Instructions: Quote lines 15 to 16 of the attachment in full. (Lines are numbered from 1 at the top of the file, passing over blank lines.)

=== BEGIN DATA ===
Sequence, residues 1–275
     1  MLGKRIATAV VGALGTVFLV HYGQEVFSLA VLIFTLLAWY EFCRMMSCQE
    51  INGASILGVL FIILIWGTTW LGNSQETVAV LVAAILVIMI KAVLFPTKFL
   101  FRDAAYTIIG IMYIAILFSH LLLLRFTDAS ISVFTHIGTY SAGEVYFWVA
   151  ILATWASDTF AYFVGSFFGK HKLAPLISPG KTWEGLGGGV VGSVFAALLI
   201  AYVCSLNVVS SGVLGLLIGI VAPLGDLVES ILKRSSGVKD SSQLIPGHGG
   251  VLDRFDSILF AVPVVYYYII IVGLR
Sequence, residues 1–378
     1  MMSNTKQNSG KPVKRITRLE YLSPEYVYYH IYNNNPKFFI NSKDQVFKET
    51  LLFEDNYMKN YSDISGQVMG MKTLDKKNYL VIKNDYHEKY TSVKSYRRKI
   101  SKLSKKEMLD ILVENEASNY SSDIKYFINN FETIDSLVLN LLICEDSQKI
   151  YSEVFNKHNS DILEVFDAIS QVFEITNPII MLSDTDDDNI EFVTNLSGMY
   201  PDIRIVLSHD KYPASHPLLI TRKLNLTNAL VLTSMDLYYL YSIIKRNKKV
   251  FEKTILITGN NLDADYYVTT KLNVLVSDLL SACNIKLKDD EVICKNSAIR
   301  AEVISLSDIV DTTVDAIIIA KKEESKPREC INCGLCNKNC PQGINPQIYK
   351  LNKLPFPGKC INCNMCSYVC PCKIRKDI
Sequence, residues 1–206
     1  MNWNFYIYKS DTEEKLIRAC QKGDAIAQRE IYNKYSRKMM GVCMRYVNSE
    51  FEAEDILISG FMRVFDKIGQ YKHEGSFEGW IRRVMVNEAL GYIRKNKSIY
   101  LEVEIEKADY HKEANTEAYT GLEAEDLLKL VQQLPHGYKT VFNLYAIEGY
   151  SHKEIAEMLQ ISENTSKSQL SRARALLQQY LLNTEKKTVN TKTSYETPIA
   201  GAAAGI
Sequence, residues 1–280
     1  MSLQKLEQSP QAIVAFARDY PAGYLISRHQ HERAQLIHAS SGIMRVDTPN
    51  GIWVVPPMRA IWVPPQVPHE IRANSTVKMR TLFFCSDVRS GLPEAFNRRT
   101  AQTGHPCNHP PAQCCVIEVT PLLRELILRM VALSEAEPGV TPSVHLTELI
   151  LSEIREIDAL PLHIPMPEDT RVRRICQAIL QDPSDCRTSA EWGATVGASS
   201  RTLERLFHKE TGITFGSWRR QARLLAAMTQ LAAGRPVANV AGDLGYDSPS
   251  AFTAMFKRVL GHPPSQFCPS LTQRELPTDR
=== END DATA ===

   301  AEVISLSDIV DTTVDAIIIA KKEESKPREC INCGLCNKNC PQGINPQIYK
   351  LNKLPFPGKC INCNMCSYVC PCKIRKDI